You get all of this to download immediately for only $25 OR if you’d like to get all the files on DVD as well as to download, that’s available for $33. 


Displaying Omnibus-4.jpg

Here are just a few of the goodies I can’t wait to check out for myself:

  • Debra Bell: Hard-Wired to Learn: Your Child’s Brain and God’s Design
  • Jeannie Fulbright: If I Could Do it Over
  • Kendra Fletcher: Organization for a Peaceful Home
  • Kim Kautzer: The Lazy Student: What’s a Mom to Do
  • Terri Johnson: Facing the Giant – Homeschooling Through High School
  • Tyler Hogan: Loving Geography—Even If You Can’t Fold a Map [Isn’t that a fabulous title?]
  • Vicki Dincher: Science and Math: End the Struggle

Click here to view more details

My own e-book, From Frazzled to Focused: 7 Planning Tools for Busy Moms, is included. In it I share some of my best tips for balancing all your responsibilities so that you and your family can enjoy peace and can flourish!

The sale ends SUNDAY, AUGUST 24, at 11:59 p.m. ET, so don’t delay. Grab your Omnibus deal now and you’ll have an audio or e-book for almost every day of the rest of 2014! 

Here’s what you need to know once you make your purchase:

  • September 5 is the deadline for refunds. Absolutely no refunds will be given if the file host shows that you have downloaded any files. 
  • September 25 is the deadline for downloading your e-books. They will not be available after that. See the FAQ or contact iHomeschool Network for more information.
  • September 20 is the deadline for purchasing DVDs.

Remember, the Omnibus includes 107 resources for $25–that’s just 23 cents apiece! But the sale ends tomorrow, so head on over now to claim your bundle.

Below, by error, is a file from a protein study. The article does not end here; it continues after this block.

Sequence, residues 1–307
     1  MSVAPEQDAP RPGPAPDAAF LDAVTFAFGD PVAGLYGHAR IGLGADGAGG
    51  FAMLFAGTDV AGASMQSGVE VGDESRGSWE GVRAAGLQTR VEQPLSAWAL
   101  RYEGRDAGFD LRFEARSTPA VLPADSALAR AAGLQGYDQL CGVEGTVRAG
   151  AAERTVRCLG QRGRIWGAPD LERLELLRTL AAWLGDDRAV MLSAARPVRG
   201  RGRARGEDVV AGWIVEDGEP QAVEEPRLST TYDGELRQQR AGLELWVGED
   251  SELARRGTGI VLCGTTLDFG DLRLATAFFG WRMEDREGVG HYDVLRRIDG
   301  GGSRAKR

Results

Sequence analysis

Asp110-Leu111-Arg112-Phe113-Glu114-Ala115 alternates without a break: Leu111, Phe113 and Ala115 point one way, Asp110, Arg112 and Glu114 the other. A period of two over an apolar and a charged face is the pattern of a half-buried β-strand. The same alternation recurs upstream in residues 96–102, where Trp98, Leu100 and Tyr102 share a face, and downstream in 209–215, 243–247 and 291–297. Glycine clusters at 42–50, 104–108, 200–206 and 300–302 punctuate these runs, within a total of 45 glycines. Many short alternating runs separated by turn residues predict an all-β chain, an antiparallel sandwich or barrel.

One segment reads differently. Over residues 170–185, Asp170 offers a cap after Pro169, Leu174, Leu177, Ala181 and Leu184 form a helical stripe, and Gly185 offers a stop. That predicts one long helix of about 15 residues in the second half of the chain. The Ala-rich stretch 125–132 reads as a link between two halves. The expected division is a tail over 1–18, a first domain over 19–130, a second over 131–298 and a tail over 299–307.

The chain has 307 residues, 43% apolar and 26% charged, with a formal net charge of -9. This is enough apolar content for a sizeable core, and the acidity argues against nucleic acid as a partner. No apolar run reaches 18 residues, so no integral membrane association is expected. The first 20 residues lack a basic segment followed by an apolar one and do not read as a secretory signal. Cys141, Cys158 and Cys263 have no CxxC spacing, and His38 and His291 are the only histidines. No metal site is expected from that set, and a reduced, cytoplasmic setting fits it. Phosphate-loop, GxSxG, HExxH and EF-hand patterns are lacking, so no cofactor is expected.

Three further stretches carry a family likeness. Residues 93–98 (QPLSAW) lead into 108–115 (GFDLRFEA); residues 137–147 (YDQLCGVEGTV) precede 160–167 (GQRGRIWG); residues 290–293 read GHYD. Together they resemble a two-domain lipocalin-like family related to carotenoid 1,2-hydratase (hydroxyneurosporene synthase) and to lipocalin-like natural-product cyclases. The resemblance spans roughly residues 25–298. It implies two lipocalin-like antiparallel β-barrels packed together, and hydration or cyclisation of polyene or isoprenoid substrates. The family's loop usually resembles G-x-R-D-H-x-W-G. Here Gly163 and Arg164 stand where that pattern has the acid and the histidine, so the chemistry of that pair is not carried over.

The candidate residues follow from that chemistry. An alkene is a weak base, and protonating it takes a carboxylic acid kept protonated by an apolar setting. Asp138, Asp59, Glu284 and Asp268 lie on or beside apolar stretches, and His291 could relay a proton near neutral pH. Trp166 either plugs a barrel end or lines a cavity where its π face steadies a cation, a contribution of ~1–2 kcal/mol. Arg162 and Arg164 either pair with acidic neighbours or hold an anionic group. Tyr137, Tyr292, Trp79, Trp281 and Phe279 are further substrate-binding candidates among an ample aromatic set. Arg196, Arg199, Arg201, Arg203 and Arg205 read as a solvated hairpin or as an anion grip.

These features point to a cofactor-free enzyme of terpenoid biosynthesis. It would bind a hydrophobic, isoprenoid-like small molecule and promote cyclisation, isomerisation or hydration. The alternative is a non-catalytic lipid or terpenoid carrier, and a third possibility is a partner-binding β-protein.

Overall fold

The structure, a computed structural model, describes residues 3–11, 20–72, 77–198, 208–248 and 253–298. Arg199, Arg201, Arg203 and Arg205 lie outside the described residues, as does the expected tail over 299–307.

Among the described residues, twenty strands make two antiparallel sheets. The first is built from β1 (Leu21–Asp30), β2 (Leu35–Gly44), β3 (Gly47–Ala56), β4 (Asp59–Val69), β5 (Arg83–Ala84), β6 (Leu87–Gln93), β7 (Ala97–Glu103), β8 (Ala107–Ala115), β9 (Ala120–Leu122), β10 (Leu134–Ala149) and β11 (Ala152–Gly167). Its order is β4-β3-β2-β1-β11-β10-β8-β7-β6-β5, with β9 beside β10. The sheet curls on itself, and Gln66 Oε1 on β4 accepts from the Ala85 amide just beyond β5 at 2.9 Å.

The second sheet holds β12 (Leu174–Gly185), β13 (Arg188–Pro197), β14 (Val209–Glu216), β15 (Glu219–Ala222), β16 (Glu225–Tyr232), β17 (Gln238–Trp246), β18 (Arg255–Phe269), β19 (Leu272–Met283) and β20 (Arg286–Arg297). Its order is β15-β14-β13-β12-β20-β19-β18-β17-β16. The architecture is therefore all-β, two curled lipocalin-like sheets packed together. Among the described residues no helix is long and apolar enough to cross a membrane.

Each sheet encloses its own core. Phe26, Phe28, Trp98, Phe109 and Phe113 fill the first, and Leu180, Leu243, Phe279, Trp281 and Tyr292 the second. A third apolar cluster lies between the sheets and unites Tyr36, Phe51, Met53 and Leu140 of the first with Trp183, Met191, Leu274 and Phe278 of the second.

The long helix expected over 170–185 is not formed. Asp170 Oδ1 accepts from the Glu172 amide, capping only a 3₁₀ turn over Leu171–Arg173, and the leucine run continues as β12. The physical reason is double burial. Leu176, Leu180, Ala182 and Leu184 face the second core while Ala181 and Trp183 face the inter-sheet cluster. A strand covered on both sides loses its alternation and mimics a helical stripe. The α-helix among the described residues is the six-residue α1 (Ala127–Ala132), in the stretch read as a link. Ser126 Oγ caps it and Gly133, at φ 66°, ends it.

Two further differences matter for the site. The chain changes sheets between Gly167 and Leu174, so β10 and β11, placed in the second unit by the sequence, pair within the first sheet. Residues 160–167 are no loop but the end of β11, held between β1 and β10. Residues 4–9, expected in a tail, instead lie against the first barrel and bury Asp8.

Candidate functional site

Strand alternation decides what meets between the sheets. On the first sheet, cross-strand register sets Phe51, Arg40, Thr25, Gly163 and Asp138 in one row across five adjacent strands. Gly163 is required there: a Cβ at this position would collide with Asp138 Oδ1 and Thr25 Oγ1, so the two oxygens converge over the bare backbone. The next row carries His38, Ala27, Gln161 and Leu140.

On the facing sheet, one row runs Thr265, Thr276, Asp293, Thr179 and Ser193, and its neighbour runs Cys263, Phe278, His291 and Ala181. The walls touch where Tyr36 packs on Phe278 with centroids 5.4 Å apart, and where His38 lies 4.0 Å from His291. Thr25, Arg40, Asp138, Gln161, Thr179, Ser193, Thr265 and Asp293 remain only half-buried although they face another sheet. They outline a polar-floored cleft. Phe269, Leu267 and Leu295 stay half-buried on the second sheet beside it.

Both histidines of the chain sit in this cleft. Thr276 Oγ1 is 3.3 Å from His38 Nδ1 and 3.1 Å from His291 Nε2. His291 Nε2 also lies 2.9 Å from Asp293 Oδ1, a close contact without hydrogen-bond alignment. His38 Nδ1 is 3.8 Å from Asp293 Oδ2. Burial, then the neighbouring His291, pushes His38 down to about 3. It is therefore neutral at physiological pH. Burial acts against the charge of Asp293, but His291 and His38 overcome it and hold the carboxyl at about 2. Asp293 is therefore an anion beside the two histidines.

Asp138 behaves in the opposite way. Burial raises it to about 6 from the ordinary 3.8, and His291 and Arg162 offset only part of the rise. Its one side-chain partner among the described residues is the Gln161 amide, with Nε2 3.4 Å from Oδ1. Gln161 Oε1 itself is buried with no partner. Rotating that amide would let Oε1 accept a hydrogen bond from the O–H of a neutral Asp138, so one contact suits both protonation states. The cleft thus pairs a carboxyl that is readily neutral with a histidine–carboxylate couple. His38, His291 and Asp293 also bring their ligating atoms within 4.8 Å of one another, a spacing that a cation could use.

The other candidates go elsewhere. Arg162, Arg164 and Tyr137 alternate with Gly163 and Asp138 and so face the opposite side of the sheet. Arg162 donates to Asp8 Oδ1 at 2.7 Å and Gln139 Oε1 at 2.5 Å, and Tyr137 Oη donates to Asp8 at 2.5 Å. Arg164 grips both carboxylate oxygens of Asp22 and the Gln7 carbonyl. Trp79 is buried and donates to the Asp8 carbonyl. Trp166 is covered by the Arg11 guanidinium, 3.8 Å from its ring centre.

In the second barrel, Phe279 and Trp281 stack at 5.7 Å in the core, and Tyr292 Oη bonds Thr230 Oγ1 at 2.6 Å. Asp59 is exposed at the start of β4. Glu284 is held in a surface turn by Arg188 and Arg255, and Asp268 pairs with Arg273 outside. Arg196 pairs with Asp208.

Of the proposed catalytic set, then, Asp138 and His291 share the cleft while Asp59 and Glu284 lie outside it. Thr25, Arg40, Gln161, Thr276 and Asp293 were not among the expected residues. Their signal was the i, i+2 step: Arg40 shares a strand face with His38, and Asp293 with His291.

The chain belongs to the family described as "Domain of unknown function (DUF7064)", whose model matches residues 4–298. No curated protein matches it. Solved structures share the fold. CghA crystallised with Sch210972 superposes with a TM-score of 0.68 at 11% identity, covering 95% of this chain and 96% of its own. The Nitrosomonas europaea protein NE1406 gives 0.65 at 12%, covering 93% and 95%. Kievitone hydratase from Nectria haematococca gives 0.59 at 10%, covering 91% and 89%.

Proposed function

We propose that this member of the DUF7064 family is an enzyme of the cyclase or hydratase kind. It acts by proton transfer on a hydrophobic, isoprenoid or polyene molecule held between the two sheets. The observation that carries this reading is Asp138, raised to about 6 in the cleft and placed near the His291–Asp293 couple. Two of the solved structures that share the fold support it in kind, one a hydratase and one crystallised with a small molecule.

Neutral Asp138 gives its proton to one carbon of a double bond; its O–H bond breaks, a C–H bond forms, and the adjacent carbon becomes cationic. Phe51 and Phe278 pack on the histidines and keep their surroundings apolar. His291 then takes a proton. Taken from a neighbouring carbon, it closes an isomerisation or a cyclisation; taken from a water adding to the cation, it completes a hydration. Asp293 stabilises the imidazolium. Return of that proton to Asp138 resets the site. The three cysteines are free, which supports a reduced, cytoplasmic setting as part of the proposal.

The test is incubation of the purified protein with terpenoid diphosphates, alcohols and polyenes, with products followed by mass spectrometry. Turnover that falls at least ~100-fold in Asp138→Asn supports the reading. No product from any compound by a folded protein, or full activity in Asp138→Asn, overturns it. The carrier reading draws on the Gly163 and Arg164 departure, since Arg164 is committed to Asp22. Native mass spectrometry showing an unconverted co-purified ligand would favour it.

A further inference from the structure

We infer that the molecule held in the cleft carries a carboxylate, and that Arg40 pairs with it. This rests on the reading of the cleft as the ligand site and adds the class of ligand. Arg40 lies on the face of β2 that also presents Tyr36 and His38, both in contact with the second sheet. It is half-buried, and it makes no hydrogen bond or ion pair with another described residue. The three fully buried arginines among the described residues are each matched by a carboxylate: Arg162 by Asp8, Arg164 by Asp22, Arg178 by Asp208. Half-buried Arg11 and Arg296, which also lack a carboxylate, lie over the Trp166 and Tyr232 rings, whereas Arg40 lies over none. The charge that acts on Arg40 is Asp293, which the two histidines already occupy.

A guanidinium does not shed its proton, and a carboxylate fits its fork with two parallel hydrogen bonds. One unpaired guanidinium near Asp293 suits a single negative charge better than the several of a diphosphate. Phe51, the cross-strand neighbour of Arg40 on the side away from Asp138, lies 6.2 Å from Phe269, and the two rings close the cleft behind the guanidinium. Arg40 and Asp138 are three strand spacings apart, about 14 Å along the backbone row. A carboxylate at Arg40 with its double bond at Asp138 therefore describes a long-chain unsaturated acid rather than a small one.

Launching “Flourish: Balance for Homeschool Moms”!

I’m excited to announce that my new book, Flourish: Balance for Homeschool Moms, launches today!

FLOURISH_final cover


Please join us tonight for the Google hangout and launch party! You can join us on Google+ here or via Facebook here.

Flourish hangout

If you’re exhausted, overloaded, or teetering on the brink of burnout, Flourish is for you! You’ll learn how to:

• Stop the juggling act and find a balance you can live with
• Minimize interruptions while being sensitive to real needs
• Take care of yourself so you can take care of your family
• Value and protect your time to do what matters most
• Establish a pace you can maintain for the marathon of life

You don’t have to be a homeschool mom to join us for the hangout or to benefit from the book. At least 85% of the content applies to ALL moms!

Limited-time offer: Get 18 FREE bonuses (valued at over $250) when you buy Flourish. Offer expires May 30. Details here.

What People Are Saying about Flourish

“Mary Jo Tate’s Flourish is a comprehensive and creative corrective to a homeschool community that has lost sight of one our basic values—quality of life. It is an intensely practical and wise book. If you are homeschooling or intend to, read it.”

Michael Card
Award-winning author and singer-songwriter


“I have to confess that some days we’re just surviving at our house. It’s tough to juggle homeschooling, family life, and a home business. And I know I’m not the only homeschool mom out there struggling. We all could use some encouragement every now and then. Filled with practical ideas, Flourish will help you to finally put down the burdens God never intended you to carry. Mary Jo will help you move beyond survival and actually flourish in the roles God has given you. A must-have for every homeschool mama’s nightstand!”

Gena Suarez
Publisher, The Old Schoolhouse Magazine


Flourish is filled to the brim with inspirational stories of a seasoned mother who has lived a life of faith and integrity and who shares from wisdom invested in the trenches of homeschooling. My friend Mary Jo clearly defines exceedingly practical ideas for goal setting, life management, and making the homeschooling life work for you.”

Sally Clarkson
Author of Seasons of the Heart and coauthor of Educating the WholeHearted Child


“This book is a mentor’s manual for navigating the homeschool years. You can go to it over and over again for wisdom and answers to what you’re facing. Invaluable.”

Elizabeth Smith
Former Director of Development, Home School Foundation
Wife of Mike Smith, president of HSLDA